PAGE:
Hey guys.

Sorry, I took a little break and stopped reading and replying to comments for a few weeks. I prefer to read them in bulk instead.


It might have looked a bit disheartening of me when I reposted Jim’s post from pastebin, but it wasn’t really. He more or less expressed my thoughts and explained my apprehensiveness pretty well.

It's true though, as many of you have gauged, I’m not jumping up and down in excitement at the prospect of spending many months of hard work to produce something with very little reward.

Now, this might sound a bit yucky, but if I knew there was a large cheque at the end and some sort of recognition, I’d be dancing a jig at the prospect of working on Wasted Youth.

Honestly, between the 30 or 40 of you who regularly check the site for news, if you could each send me a big bag of money I’d do whatever you want me to, gladly. Undeserved wealth is the key happiness right?


That’s not to say I have no artistic integrity, but in the position I’m in I can’t afford to fart away another year on another endless project.


Speaking of which! ... As you might have noticed there's still no new site, which to put it lightly is frustrating. Why do you think I’m writing a blog post right now? It’s just followed a very intense staring competition I’ve had with my screen for about 30 minutes. Followed then by a feeling of defeat and mild despair.

Unfortunately that’s usually how I start all my blog posts, perhaps that’s what gives my writing style its melancholic flair.


I’ll take this opportunity now to respond to some of the comments from the last blog post.

In response to Lloyd Majere’s well written response, no doubt inspired by Jim’s piece, which by the way featured a lovely bit of 9/11 wordplay that didn’t offend me at all (unlike some of you). Although I’d argue it wasn't Wasted Youth that took down the Two Towers as it were. I'd equate Wasted Youth more with the plane that crashed into the ground in Pensylvania as it didn’t quite reach its final destination… well, you could argue none of them did... in the non-fatalistic sense I mean…



Moving on… Lloyd Majere had this to say:

I was wondering if you followed any other flash game developers who might be in a similar situation. Even if you don't, I'd like to compare your situation to another's, which may give you some relief. His name before was PseudoLoneWolf, and much like you he gained success and popularity from a flash RPG that promised multiple installments: MARDEK RPG. People flocked to his site and made a minor community around him, but eventually his love for his MARDEK line faded, and he began neglecting that project entirely. Ultimately, he pushed away his MARDEK-driven community, and his public game development halted entirely.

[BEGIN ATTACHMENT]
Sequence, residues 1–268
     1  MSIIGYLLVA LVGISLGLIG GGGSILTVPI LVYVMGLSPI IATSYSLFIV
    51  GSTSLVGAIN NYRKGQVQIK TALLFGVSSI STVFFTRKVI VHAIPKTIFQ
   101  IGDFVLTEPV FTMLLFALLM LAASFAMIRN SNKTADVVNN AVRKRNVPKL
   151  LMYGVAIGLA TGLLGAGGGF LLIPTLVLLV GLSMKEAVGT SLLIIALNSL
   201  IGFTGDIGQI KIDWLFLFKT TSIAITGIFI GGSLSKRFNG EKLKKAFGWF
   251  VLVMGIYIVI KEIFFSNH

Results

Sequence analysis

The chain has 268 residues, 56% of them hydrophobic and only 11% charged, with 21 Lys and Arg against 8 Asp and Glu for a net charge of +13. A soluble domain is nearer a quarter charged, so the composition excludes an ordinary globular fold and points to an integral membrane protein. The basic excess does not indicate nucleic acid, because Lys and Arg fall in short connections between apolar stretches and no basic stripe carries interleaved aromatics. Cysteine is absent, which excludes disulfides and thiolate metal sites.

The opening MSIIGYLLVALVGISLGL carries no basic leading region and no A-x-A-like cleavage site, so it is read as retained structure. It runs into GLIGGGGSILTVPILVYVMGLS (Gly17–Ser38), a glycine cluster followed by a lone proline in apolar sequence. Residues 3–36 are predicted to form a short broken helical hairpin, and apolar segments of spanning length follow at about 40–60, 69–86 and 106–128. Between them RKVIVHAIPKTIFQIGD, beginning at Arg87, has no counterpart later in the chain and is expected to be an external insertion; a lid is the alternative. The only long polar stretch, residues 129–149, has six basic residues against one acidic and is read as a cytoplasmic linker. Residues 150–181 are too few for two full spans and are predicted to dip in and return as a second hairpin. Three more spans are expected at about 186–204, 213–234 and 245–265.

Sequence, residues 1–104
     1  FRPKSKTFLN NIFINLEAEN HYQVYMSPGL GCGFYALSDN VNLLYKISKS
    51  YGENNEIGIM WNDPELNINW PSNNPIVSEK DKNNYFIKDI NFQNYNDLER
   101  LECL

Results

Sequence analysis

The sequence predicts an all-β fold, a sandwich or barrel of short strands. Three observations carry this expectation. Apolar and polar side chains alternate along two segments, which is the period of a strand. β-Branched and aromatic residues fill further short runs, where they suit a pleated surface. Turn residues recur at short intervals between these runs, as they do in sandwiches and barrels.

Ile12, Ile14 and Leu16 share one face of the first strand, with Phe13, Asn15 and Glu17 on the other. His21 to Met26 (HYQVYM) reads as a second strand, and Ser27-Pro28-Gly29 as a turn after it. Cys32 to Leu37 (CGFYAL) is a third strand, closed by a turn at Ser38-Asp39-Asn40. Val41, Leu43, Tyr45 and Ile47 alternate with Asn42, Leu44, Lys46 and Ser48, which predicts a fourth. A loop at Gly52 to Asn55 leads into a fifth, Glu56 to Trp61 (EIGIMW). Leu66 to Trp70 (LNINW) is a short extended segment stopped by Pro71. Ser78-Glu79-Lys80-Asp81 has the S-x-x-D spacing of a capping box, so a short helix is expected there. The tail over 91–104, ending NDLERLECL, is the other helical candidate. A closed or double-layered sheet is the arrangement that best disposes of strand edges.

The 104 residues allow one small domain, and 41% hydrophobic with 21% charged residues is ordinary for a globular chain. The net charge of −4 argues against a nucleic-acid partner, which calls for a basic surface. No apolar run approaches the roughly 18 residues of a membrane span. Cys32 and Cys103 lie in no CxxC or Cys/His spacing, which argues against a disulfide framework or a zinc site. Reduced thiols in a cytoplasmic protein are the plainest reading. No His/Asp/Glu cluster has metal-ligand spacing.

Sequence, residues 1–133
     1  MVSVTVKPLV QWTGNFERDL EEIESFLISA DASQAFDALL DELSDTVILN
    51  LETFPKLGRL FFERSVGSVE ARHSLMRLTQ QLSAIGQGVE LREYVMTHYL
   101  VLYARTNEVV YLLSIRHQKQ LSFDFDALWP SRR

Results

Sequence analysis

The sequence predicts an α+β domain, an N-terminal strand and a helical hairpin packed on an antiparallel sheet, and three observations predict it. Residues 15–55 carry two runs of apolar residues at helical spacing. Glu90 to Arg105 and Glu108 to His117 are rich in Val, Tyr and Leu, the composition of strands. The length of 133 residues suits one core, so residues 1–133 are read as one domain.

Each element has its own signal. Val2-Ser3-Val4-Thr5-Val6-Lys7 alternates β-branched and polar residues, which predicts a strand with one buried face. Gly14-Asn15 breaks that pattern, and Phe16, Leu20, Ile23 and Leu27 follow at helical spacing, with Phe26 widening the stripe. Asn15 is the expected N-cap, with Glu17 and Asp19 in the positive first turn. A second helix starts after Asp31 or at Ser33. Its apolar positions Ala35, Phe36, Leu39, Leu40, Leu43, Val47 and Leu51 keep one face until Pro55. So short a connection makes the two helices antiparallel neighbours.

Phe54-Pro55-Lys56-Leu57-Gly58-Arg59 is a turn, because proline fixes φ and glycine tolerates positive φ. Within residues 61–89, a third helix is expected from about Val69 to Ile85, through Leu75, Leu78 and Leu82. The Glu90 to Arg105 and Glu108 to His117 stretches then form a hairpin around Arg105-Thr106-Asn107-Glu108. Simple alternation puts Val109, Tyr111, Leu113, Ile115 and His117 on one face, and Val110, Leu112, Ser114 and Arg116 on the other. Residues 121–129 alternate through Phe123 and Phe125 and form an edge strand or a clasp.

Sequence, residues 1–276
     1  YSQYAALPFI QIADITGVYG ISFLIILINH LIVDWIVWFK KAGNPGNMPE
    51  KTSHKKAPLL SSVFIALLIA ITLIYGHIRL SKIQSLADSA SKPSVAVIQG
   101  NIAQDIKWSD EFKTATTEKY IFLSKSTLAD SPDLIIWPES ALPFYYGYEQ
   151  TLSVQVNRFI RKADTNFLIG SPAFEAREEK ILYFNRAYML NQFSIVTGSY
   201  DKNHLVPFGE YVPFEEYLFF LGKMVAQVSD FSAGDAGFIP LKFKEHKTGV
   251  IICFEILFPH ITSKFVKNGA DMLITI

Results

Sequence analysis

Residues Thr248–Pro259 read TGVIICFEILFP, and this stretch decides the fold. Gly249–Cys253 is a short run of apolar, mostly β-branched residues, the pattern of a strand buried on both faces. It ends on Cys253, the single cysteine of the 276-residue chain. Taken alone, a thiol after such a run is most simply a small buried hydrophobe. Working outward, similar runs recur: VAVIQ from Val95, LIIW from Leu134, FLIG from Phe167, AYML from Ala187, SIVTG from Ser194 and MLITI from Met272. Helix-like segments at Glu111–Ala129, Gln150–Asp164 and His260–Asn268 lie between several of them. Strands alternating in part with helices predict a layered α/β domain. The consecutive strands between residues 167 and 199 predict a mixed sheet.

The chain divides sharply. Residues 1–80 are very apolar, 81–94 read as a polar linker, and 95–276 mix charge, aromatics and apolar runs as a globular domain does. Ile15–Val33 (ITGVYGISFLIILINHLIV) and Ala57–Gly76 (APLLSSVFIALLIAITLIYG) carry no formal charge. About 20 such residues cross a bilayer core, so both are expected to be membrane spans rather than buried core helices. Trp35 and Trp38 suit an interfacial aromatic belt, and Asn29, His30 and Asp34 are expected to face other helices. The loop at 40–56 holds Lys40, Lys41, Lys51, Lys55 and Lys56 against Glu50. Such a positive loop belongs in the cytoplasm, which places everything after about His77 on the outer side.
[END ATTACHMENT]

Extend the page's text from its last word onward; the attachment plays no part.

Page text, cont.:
However, he still kept trying to develop games, and recently announced a reboot of the series (almost a year ago). I won't go into specifics, but after putting up a working beta about four months ago, PseudoLoneWolf opened a Patreon account for his 'new MARDEK' project. Almost immediately, a few dozen people pledged to donate monthly, and he currently makes over 500 a month. That may seems small, but it comes from nothing: PseudoLoneWolf hasn't created a public game since Febrary 2011. What's more interesting is that he has since failed to produce any working progress on his Patreon project, or even maintain his sites or Patreon promises, and yet it seems the income is still coming in.


Now, I don't bring that up to talk poorly of him, but to give some positive hope to you. There are some differences that must realistically be mentioned: PseudoLoneWolf's website, Fighunter, was designed to be community-building, with user profiles, forums, and an interactive chat. GPStudios is... well, not that. So naturally, your fans may be smaller in number. Also, the MARDEK series had three of eight games completed, each more grandiose and impressive than the last. Wasted Youth only has one chapter to stand on. However, despite these things I would encourage you to not underestimate the generousity of fans. A single game or single series that is valuable can go a long way. A dead game has allowed a debatably untrustworthy developer to make $500 a month years after it's time to shine. How much more could that be for a developer who actually adheres to their goals and maintains websites, etc.? You already have the framework for this (that is, a highly-rated game and good developer history), so I guess what I'm saying is try not to be discouraged.

I am aware of the Mardek games, but not the developer PseudoLoneWolf. To know they're experiencing a similar struggle to mine is quite comforting, perverse though it may be.

I used to frequent a site called FlashGameLicense.com where I’d occasionally interact with other developers, apart from that I’m more or less on my own, in my own little bubble. It’s probably the worst habit of mine in general, that I don’t make more of an effort with this kind of thing, and then I tell myself it makes me unique and individual as a way to justify it.

Llyod continues:

As far as what to do with Wasted Youth... I agree with Jim, and I'd take it a step farther: It is likely impossible to recreate the emotions of the first Wasted Youth in a sequel. Hype would be detrimental, having players believe Part 2 to be something it isn't, and even if you got the same team and the same assets, many things about your style will have changed over the years. Part 2 likely wouldn't survive the criticism. At this point, much to the many fans' dismay, I would advise against a direct sequel.